Everybody knew coming into the season that the AL East was the toughest division in baseball, but this is getting ridiculous.  Eight teams across the entire league have 29 or more victories on the season, and four of them reside in the AL East.  With a record of 30-22, Toronto would be in first place in the AL West, NL East, or NL West, but instead find themselves in third, only one game ahead of Boston who are fourth.  With nine straight games on the schedule against Tampa and the Yankees beginning on Monday, the Jays will be getting their first true test against the elite teams of the division.  They could be in first or fourth when that stretch is done.

But regardless of how they fare, Toronto has a legitimate argument to make for some kind of realignment or playoff system modification.  If the season ended today, Toronto would finish sixth overall in the entire MLB yet miss the postseason.  Texas, Philadelphia, and St. Louis – all with poorer records than Toronto – would qualify.  One look at scenarios like that makes it very difficult not to cry foul.  Maybe adding two additional wild card slots would help take away some of unfairness in the current system.  But the chances of that happening? I would put it at 0%.

3. Perfection from the Doc

Halladay celebrates his perfect game (photo from mlb.com)

Technically this is cheating since he no longer plays for the Jays and this is a Blue Jays only feature.  But Roy Halladay is still beloved in these parts, and his perfect game on Saturday will be celebrated all season long by Jays fans.  The way that he mowed down the Marlins in order (11 K’s, 115 pitches) looked effortless, and seeing him smile at the end of the game brought back fond memories of his time here in Toronto.  What made the game even more impressive was that it came after his worst start of the season, an 8-3 shellacking by the Red Sox.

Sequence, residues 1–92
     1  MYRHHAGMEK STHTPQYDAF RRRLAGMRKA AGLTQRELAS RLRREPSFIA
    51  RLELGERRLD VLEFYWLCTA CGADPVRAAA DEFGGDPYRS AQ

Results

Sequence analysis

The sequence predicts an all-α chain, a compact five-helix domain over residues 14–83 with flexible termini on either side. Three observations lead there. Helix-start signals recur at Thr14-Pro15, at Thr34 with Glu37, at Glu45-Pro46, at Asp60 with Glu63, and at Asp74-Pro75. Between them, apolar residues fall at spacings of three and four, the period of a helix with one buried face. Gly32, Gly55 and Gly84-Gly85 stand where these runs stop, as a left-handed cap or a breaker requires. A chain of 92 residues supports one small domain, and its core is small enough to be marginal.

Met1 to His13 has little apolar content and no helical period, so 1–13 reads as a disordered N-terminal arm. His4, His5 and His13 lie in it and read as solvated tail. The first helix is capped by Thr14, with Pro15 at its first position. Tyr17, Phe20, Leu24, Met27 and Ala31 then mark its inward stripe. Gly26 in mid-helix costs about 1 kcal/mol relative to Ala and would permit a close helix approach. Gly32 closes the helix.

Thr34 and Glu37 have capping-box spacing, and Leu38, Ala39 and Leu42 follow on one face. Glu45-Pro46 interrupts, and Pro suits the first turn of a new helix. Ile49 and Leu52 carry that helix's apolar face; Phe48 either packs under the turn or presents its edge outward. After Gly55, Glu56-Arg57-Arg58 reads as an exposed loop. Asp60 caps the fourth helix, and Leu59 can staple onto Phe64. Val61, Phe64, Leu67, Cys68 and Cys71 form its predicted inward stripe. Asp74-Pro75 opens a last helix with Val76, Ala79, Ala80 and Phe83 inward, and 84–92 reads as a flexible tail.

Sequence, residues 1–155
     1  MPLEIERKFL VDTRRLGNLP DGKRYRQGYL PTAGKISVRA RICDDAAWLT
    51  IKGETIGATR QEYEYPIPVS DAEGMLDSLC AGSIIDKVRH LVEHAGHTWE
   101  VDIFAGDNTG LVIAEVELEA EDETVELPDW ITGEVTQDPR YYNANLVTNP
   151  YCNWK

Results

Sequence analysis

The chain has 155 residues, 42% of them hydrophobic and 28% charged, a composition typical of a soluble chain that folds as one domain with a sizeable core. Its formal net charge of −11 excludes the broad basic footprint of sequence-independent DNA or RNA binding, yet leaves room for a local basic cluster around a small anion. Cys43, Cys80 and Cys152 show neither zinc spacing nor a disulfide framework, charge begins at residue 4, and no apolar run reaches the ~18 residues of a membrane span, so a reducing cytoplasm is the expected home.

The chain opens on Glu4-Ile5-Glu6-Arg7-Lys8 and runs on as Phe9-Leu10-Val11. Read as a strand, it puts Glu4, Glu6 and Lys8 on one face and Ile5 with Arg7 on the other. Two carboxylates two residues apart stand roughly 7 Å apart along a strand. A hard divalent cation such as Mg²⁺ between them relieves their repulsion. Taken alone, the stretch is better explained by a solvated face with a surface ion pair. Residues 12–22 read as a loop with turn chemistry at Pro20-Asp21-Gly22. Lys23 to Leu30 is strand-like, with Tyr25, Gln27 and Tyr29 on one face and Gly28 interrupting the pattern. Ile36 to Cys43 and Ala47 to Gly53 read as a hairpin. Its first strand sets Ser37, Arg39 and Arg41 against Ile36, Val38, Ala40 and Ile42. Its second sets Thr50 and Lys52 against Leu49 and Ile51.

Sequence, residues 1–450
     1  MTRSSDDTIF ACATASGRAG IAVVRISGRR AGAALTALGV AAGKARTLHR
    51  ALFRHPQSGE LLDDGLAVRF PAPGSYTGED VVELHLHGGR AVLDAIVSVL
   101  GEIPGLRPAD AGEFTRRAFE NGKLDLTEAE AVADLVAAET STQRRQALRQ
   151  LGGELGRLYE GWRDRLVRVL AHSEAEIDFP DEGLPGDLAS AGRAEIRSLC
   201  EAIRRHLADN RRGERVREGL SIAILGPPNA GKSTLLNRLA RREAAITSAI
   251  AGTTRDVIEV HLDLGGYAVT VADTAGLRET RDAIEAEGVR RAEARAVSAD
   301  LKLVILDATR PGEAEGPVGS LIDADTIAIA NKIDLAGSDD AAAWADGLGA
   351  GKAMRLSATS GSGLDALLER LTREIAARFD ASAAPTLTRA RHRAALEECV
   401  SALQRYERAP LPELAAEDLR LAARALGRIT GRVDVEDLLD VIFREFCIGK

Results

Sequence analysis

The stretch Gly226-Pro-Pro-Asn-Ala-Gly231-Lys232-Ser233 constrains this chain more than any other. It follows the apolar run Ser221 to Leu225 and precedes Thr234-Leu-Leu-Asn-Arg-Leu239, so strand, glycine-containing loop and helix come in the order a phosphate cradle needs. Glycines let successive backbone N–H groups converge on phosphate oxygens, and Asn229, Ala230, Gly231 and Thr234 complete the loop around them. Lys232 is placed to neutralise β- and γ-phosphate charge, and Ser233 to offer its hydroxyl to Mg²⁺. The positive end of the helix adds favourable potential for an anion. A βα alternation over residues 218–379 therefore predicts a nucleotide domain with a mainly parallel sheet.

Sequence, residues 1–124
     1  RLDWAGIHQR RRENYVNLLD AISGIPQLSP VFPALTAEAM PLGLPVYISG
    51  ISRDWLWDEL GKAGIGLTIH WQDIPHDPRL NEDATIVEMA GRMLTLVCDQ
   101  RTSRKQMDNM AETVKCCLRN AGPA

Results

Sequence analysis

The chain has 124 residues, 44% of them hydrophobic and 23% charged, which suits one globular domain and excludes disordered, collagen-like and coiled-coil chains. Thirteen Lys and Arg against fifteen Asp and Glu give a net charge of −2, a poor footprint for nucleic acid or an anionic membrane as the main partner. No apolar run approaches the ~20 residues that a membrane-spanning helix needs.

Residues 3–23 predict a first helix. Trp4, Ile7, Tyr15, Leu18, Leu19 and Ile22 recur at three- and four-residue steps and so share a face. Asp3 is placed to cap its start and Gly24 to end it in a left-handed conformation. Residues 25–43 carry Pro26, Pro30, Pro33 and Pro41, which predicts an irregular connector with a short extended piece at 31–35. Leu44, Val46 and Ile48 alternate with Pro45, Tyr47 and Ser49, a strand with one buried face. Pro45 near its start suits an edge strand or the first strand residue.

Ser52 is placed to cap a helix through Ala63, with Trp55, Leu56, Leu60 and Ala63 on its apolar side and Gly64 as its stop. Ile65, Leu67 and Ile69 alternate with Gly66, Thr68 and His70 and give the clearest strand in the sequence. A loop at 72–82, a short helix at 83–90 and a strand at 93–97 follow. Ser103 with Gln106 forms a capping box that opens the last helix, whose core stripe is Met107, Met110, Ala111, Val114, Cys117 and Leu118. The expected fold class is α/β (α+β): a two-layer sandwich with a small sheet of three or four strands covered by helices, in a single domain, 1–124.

When Halladay came within one out of a no-hitter in his second career start back in 1998, it looked like it was only a matter of time until he threw one.  The only thing surprising about his perfect game was that it took him 12 years to finally get it.  Unfortunately because of the G-20 summit forcing the Jays to move their series against the Phillies down to Philadelphia, Toronto fans won’t get a chance to truly show him our appreciation both for his time spent here and for his gem.  Never-the-less, congratulations Doc!

Three Things From Week Seven

Week Seven (May 17 – May 23) saw the return of interleague play, a time of the season that Toronto hates.  Since the advent of interleague play in 1997, Toronto is 13 games under .500 against the weaker National League, only better than Baltimore, Kansas City, and Tampa.  At a time of the schedule that is supposed to help AL clubs fatten up their record, the Jays have done the opposite.  This year began no different, as they dropped two of three to Arizona.

Though they managed to avoid the sweep on Sunday, the week was not a good one for Toronto.  They finished with a 3-4 record, and saw continued struggles from Dana Eveland and Aaron Hill, along with new struggles from Kevin Gregg.  Hopefully these are only temporary hiccups to an otherwise incredible season.

Here are three things that came out of week seven:

1. The Revenge of Overbay